Syria’s interior minister was found dead in his office, days before the release of a UN report that could implicate high-ranking Syrian officials in the murder of Lebanon’s former prime minister.
The Syrian government called it a suicide, but opponents claimed it could be murder to cover up high-level involvement.
Ghazi Kenaan, who effectively controlled Lebanon as Syria’s intelligence chief there for 20 years, was one of at least seven Syrians recently questioned by a UN team investigating the February 14 assassination of former Lebanese Prime Minister Rafik Hariri.
The news of his death shocked Syrians, and the government felt compelled to stress that his death would not affect the country’s political stability.
While life appears normal on the surface, Syrins are tense and buffeted by rumours. And the government is quietly preparing for the UN report by consolidating power, readying a diplomatic counteroffensive and taking steps to guard against any sanctions.
In Washington, State Department spokesman Adam Ereli said Kenaan was a “central figure in Syria’s occupation of Lebanon for many years,” but that it was up to Syrian authorities to provide their assessment on the circumstances of his death.
US President George Bush, asked about the forthcoming UN report, said he did not wish to prejudge it. But Bush added, it was “important for Syria to understand the free world respects Lebanese democracy, and expects Syria to honour that democracy”.
Syrian President Bashar Assad, in an interview yesterday before Kenaan’s death was announced, rejected any possibility Syria could have ordered Hariri’s assassination.
“This is against our principles and my principles and I would never do such a thing in my life,” Assad said. “What do we achieve? I think what happened targeted Syria.”
Asked whether it was possible such a crime could have taken place without his knowledge, Assad replied: “I wouldn’t think so. As I said, if that happened, this is treason.”
He added that if the UN probe does have any material proof of Syrian involvement, those involved would be charged with treason and could be handed over to an international court – but added that he did not expect such proof.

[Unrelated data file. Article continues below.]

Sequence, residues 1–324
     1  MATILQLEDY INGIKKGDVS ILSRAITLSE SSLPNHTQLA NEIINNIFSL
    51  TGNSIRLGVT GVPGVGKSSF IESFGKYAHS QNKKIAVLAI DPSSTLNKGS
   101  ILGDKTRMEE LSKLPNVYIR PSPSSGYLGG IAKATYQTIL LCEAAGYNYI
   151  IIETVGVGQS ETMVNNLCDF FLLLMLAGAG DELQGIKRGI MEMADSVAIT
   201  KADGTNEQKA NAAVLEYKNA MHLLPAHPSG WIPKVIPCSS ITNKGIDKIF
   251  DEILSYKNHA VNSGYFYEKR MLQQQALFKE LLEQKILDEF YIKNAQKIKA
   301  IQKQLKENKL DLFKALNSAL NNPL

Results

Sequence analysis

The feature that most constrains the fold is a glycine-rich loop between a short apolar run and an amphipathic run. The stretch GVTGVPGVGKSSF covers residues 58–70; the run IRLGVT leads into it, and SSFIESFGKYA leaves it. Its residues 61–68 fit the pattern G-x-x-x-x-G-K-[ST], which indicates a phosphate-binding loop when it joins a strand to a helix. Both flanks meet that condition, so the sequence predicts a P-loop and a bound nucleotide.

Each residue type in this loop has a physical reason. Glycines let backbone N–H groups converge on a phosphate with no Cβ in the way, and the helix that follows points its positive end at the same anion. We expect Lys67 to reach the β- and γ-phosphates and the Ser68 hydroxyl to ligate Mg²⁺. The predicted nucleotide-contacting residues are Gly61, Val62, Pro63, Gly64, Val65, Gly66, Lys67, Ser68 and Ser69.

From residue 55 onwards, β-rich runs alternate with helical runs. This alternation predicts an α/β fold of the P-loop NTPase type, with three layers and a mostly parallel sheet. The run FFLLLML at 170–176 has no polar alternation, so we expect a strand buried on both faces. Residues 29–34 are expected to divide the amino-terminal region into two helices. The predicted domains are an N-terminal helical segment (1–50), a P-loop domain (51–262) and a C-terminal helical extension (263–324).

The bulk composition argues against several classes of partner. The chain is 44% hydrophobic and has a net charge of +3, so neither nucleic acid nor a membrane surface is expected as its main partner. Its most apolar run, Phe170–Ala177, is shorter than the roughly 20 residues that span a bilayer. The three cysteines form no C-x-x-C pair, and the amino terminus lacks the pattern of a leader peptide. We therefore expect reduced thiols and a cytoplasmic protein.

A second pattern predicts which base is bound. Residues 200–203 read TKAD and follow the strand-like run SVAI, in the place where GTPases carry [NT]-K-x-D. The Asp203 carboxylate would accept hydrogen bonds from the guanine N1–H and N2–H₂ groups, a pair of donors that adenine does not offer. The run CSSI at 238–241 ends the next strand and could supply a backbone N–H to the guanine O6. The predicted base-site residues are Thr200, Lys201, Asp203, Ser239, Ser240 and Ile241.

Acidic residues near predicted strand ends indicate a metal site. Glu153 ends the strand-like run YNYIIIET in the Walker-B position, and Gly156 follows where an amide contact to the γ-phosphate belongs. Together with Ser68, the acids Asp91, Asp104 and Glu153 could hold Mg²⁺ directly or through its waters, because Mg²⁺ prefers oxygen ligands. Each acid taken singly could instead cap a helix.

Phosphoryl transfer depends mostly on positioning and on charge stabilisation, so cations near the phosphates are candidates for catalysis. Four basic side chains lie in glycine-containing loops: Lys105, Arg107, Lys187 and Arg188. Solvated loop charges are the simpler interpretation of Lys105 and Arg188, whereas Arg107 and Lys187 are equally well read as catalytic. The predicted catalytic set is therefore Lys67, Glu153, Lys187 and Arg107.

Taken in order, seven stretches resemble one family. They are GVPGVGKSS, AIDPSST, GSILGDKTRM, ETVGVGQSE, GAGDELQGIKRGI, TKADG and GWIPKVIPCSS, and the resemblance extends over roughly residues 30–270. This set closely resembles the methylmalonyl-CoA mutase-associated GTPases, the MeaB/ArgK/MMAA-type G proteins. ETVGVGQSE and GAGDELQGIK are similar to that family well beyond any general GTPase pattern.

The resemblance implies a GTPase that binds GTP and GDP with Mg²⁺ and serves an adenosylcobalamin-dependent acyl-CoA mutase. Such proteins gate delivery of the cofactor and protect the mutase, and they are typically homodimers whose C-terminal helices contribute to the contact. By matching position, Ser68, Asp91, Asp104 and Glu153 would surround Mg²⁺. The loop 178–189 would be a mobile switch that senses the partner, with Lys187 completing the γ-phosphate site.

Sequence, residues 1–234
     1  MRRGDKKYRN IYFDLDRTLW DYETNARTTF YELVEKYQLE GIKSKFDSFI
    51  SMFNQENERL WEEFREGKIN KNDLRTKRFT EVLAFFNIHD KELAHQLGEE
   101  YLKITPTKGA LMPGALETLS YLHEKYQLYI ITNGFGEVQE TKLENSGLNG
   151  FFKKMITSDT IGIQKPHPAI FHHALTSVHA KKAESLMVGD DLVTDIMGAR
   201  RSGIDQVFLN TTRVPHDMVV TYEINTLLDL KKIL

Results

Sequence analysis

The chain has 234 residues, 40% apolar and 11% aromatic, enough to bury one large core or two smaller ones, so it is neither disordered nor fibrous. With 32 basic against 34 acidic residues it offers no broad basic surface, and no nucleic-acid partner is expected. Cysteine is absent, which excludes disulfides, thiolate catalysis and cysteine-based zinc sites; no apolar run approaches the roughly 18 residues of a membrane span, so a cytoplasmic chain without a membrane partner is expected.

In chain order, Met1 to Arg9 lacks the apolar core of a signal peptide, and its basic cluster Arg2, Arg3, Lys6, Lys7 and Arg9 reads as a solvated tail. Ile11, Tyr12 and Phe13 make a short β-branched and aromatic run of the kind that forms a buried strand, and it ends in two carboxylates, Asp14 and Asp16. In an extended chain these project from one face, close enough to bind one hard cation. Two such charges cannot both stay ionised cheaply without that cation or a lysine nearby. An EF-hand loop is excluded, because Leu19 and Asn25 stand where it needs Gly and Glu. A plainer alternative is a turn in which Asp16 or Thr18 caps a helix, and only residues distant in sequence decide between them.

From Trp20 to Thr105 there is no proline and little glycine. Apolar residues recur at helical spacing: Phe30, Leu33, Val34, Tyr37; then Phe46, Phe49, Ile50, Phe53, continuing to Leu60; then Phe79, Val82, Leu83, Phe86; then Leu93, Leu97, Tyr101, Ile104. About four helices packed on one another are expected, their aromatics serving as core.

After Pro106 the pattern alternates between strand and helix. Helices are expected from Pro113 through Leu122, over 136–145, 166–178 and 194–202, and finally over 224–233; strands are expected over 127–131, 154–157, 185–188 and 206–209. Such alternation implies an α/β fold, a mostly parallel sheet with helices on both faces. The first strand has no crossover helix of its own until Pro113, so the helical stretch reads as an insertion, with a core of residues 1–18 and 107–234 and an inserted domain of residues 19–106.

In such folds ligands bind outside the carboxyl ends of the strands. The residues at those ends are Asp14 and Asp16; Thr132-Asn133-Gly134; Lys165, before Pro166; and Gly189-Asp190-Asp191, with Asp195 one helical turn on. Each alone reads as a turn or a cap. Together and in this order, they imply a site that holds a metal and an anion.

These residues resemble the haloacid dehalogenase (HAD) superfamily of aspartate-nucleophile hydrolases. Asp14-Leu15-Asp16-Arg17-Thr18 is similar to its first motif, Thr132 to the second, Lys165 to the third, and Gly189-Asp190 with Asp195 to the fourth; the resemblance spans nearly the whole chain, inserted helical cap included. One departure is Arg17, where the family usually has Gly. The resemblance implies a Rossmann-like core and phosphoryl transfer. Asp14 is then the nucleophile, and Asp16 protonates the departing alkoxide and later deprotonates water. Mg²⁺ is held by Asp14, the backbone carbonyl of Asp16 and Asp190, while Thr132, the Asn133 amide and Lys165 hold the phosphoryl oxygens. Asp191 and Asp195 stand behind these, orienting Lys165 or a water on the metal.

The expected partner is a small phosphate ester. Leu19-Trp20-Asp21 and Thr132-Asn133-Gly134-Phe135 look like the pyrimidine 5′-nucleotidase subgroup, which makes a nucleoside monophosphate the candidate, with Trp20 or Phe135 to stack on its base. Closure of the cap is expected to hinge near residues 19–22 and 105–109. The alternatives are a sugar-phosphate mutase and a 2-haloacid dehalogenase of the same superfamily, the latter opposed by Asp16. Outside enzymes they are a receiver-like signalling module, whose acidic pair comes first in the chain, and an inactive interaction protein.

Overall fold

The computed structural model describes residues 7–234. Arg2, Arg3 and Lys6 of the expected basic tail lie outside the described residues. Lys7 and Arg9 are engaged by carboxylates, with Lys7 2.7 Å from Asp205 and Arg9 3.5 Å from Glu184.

Dennis Ross, a former US Mideast mediator, said if the UN report did point to some Syrian involvement, it likely would revolve around Kenaan because of his seniority and prominent position.
“I don’t believe it was a suicide,” Ross said of Kenaan’s death. “The timing is extraordinarily coincidental. It certainly would look as if someone was trying to create the impression the person responsible for the Hariri murder is dead.”
Kenaan, 63, committed suicide in his office, according to the official SANA news agency, which was the first to break the news, a sign that authorities in Damascus, who tightly control the media, wanted the news to be out.
“I believe this is the last statement that I can make,” Kenaan said hours before his death in a statement to a Lebanese radio station. He said he had been questioned by the UN investigators, but denied a report he had told them about corrupt Syrian officials.
A Syrian official said Kenaan shot himself in the mouth with a silencer-equipped gun. A colleague found him slumped on his desk, with a pool of blood on the ground, the official added. Kenaan was taken to Shami Hospital, but he was dead on arrival.
Syrian legislator Mohammed Habash said Kenaan was relaxed at a Cabinet session on Tuesday night and did not appear tense.
“Everything seemed normal,” Habash told Al-Arabiya. “Certainly, the indications that came before it did not show he was under pressure here, or that his political situation was shaky.”
Information Minister Mahdi Dakhlallah, however, told Al-Arabiya TV that Kenaan appeared to be “very upset and angry” over the anti-Syrian campaign in Lebanon that followed Hariri’s murder.
Dakhlallah said Kenaan’s death would be investigated, and stressed it would not affect political stability in Syria.
The interior minister in Syria controls the police. But before he was promoted to minister in 2003, Kenaan was Syria’s intelligence chief in Lebanon, a position that conferred enormous power. Syrian intelligence controlled the hiring and firing of Lebanese officials and every aspect of political and military life.
Several other Syrian officials have also recently publicly denied they co-operated with the UN investigation, in an apparent sign of infighting and confusion within the regime.
Syria dominated Lebanon until mass demonstrations and international pressure forced it to withdraw its troops from Lebanon at the end of April.
In June, the US government moved to block the financial assets of Kenaan and another Syrian general. The step indicated Washington was turning up the heat on Syria, with which it is at loggerheads over Iraq, Lebanon and Palestinian militants.
US Assistant Secretary of State David Welch, in Beirut, said Kenaan’s role in Lebanon “and that of other officials in the Syrian leadership has come under increased scrutiny recently,” and he urged Syria to cooperate fully with the UN investigation.
Many Arab countries, notably Saudi Arabia and Egypt, have been quietly pressing Assad to turn over any officials who may be implicated.
If the UN report implicates Syria, some analysts believe Assad would turn over officers who served in Lebanon if there is irrefutable evidence of their involvement. But they say he would never hand over family members, some of whom occupy powerful positions in government.
The investigators have named as suspects four Lebanese generals who are close to Syria, and Lebanon has arrested them.
Kenaan, born in Syria’s main Mediterranean port of Latakia, is survived by a wife, four sons and two daughters.
He will be buried today inside a mosque he built in his hometown of Bhamra.